The Three Equators – Real and Unreal

Today we visited the equator. Well in fact we visited three “equators” – one legitimately incorrect, one deliberately fake, and the real thing which runs next to a major road and through a pile of dust, litter and rocks that happened to be vacant land for sale. For sale at a high price, I imagine, given the tourist dollars at stake.

The whole day was a slightly surreal experience for a geo-nerd like myself. What surprises me is just how few people have bothered to trot through there with a GPS and expose the Intiñan Solar Museum – claiming to straddle the true equator – for the fraud that it is.

Let’s start with the official monument. An impressive stone obelisk structure constructed around 27 years ago, housed in the middle of a very well serviced touristy fun park complete with multiple restaurants, museums and a planetarium.


It’s common knowledge that this monument is located 240m south of the true equator, something which my GPS – showing 0.00216 degrees south – agreed with exactly:


Given it’s 27 year age, dating back well before the commercial availability of GPS, they did a pretty good job in choosing its location. I can also forgive them for failing to mention anywhere that this isn’t the real thing, letting throngs of tourists happily think they’re jumping between the northern and southern hemispheres.

So we move onto the “real” equator, the Intiñan Solar Museum described by Lonely Planet as being next door, and “supposedly on the site of the real equator”.

They’re certainly not bashful with their claims, sporting multiple large signs assuring visitors that this is the “real equator as calculated with GPS”.

Being a natural skeptic, I knew something was amiss as soon as we walked up to the entrance. We were still a good 130m south of 00°00′00”. Suspicions were soon confirmed once I stood on their theatrically adorned equatorial line. No dice:

Intiñan Solar Museum: No this is not the equator

The tour guides here have indulged in range of “experiments” to demonstrate the mystical properties of the equatorial line, including the famous (and repeatedly debunked) anti/clockwise water draining one, as well some more patently ridiculous ones involving balancing eggs and humans becoming mysteriously weak when standing on the equator.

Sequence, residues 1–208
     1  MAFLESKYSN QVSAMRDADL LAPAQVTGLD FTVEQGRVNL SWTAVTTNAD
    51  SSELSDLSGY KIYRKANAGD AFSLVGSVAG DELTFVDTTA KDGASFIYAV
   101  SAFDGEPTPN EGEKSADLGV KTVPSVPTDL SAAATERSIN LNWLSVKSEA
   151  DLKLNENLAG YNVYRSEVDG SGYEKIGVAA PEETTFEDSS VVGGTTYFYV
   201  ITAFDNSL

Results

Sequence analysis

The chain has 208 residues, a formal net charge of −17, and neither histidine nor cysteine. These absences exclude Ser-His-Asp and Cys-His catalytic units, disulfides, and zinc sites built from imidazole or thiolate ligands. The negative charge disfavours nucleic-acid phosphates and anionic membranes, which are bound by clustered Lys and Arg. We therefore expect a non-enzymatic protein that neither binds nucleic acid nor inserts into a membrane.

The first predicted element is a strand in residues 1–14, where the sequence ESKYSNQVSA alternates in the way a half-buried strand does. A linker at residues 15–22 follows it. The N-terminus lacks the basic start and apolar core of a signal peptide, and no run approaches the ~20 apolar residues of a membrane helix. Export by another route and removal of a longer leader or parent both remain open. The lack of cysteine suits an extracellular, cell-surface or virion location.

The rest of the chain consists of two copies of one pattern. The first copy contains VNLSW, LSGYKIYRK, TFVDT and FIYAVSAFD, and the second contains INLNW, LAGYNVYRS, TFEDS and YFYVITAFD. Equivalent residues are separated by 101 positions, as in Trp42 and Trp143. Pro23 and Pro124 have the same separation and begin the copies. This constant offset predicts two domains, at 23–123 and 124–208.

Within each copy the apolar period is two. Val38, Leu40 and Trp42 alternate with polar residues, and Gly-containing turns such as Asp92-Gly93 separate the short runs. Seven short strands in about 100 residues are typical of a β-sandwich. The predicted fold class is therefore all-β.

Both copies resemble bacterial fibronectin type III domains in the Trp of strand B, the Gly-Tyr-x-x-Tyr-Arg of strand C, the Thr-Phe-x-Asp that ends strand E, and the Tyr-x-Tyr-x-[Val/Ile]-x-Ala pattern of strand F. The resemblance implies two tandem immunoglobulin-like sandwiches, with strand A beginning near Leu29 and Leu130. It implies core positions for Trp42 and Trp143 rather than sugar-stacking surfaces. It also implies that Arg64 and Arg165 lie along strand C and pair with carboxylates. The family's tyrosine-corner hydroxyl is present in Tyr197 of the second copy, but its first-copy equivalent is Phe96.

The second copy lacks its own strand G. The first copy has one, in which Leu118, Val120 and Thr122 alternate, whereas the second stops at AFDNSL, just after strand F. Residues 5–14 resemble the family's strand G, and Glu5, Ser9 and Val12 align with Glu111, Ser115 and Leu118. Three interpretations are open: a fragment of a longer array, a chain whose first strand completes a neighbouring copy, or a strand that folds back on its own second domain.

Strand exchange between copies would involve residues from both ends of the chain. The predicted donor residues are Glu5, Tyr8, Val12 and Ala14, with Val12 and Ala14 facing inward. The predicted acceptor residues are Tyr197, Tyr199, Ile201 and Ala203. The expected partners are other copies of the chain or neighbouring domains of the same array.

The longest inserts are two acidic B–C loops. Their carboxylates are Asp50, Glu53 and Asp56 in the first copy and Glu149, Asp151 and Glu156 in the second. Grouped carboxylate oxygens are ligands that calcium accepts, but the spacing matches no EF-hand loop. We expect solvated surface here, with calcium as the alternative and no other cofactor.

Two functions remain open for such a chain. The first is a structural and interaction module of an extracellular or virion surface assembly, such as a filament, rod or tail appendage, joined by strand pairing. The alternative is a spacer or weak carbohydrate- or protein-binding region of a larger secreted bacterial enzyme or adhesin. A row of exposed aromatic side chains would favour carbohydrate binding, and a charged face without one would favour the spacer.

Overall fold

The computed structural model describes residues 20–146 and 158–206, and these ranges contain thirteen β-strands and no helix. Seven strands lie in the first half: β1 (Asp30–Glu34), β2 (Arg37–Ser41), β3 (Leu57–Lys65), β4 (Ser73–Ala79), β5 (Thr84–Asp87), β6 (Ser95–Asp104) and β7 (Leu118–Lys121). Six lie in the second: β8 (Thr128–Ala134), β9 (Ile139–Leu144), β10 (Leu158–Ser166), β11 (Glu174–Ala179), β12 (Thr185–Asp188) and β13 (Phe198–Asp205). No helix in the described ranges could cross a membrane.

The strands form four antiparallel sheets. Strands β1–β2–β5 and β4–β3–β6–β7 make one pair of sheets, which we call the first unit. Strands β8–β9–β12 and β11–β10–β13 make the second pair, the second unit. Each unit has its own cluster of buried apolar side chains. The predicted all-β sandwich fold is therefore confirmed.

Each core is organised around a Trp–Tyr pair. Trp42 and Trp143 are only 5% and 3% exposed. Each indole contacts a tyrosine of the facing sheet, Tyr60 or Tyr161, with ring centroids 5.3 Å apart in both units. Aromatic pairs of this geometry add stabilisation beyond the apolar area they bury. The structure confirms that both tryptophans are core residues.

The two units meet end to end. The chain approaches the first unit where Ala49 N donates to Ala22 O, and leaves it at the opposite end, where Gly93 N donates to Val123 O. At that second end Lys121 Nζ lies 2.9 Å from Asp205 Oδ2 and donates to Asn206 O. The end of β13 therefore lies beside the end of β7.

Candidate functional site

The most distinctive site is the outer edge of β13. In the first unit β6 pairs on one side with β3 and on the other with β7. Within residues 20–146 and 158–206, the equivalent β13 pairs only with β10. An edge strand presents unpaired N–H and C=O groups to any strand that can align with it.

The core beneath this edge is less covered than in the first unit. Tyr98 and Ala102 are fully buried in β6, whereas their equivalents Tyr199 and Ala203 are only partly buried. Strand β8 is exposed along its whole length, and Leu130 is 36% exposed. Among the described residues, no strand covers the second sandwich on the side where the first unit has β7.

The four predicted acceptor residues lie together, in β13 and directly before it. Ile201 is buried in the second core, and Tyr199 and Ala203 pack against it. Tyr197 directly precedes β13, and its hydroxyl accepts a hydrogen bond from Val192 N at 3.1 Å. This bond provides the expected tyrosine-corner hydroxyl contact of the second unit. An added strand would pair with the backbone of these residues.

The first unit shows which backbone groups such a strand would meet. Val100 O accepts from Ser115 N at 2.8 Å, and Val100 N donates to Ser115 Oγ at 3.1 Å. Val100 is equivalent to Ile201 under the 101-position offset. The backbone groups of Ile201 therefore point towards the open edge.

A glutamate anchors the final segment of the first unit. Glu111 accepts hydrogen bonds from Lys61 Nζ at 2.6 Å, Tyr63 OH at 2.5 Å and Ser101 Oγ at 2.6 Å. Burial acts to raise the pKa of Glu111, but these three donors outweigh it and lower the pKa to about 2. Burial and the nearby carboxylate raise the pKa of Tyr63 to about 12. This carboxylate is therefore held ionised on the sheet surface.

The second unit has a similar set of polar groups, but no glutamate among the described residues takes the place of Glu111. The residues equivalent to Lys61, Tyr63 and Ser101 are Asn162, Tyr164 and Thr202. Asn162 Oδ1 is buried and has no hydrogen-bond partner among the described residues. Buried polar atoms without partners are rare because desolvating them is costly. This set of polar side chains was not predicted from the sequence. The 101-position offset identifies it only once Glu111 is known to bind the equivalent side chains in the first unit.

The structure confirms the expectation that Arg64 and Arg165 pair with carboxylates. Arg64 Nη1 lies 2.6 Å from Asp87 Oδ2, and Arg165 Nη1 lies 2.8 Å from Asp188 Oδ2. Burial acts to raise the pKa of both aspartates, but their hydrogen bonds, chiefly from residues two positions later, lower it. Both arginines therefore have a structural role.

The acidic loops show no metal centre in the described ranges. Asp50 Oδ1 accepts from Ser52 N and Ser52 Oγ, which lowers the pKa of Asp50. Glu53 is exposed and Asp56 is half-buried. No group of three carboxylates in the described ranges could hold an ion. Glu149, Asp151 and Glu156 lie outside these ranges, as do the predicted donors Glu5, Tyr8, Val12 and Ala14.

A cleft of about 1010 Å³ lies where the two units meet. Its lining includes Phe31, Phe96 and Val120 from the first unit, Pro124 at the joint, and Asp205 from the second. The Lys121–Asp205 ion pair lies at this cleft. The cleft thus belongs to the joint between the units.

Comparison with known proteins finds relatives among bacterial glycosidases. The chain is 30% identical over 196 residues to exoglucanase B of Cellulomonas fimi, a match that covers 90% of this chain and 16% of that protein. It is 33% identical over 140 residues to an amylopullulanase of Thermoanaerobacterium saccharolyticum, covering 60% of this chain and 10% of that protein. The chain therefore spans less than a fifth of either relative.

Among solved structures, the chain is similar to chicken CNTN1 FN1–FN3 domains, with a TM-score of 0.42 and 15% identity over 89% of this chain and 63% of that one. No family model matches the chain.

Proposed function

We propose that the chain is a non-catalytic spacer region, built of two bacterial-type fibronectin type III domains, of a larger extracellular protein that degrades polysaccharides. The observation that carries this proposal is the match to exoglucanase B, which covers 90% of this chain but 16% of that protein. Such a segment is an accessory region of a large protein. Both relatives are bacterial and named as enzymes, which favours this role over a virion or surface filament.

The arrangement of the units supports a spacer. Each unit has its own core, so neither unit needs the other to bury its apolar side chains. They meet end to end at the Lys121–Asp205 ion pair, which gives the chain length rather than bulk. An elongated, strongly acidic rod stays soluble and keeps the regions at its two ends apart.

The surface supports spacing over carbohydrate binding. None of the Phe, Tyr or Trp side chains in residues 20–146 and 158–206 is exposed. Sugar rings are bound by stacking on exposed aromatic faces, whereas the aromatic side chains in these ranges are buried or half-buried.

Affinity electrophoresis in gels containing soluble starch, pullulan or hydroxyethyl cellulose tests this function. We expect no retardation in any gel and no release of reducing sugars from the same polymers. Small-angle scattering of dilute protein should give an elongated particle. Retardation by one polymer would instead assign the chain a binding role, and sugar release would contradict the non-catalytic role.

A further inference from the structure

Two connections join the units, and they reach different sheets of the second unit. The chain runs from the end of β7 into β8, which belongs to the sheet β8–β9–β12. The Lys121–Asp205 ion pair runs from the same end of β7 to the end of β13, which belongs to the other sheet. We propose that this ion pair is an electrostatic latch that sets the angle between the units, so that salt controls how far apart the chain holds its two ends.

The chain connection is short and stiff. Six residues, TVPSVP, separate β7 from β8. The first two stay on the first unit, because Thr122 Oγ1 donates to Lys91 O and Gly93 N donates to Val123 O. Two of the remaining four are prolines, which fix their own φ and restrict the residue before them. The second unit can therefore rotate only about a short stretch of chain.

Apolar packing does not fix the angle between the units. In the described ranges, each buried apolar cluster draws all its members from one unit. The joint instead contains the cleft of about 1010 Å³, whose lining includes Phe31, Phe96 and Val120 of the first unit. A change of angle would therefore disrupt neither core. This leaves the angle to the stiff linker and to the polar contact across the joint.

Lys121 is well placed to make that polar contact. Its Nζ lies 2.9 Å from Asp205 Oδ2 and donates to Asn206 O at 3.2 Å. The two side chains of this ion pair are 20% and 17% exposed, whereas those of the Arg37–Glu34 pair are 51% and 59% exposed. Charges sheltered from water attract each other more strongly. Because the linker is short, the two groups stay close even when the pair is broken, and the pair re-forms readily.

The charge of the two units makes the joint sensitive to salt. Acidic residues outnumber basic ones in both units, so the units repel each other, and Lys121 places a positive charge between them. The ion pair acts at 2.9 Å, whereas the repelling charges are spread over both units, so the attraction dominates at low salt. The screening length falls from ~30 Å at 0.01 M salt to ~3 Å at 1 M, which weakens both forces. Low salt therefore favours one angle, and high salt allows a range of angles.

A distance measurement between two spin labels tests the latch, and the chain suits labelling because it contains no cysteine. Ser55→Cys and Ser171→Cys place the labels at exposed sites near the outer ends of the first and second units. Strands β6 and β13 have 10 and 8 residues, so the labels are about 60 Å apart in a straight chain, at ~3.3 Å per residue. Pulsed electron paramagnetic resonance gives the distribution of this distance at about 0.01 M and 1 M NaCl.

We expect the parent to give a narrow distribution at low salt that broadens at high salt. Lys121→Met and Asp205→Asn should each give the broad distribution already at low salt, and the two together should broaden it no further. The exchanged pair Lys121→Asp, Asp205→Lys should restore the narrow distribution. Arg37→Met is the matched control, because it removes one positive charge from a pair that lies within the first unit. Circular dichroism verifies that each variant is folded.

These became even more amusing once we let our guide know that we were onto their dirty little secret of being over 100m south of the real deal.

Our guides’ first line of defense was the recommendation that we “need to use code 69 for our GPS when in South America” for it to give a correct reading. A classic “baffle them with bullshit” approach. He then assured us that our commercial GPS was inaccurate and that their location had in fact been confirmed by the US Army with military grade GPS equipment.

US Army? Really?

Not only that, but the US Army had issued them with a certificate stating that they are indeed located on the true equator.

The US Army… verifying the location of a privately owned tourist trap, and then issuing them a certificate? This guy was an absolute classic, though I guess he was just following the script. I asked if we would get to see the certificate at the end of the tour, and he confirmed that yes, we would.

I really looked forward to snapping a photograph of this certificate!

Sadly, though, at the end of the tour, when I asked to see the certificate, he apologized and said “the certificate is in my bosses house, so I can’t get it because he’s not here”.

Nice. So we returned hit the road again for our final search. We’d been looking for the real equator for a few hours at this point, and I for one was quite excited at actually getting there.

The result was, though, sadly underwhelming:

Yep, this is the real equator. Dusty. Windy.

Turns out the real line runs through a vacant plot of land, out on a fairly inconvenient angle across the highway. The land is, of course, for sale.

Real Equator, with the monument in background

Interestingly the plot is adjacent to both the official monument (you can see it in the above photo), and another plot of land owned by the Intiñan charlatans, used for bus and car parking. I expect they’re both trying to get their hands on it so that maybe, just maybe, the truth can be revealed to the tourist masses. For a modest sum of course.

On The Real Equator

So far I’ve only managed to locate one other fellow geo-nerd who has been here and verified this. Our co-ordinates are in agreement, as is Google’s satellite imagery. This is the real equator.

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One Response to “The Three Equators – Real and Unreal”

  1. Simon Mackie says:

    Heh, fascinating. I suppose it doesn’t really matter — the people who visit will have their photos on the line in the ground and can say “yeah that’s me on the equator”. Was the line even east-west? I doubt most people would bother to check…

    There’s an opportunity in buying that plot and building your own equator-themed tourist trap.

    Those guides and their cheeky stories. In Sri Lanka, I had my Lonely Planet guidebook and that told a completely different tale about the history of Sigiriya Lion Rock monument to the one told by my guide. the guide’s story was much more interesting, but I think I believe the Lonely Planet…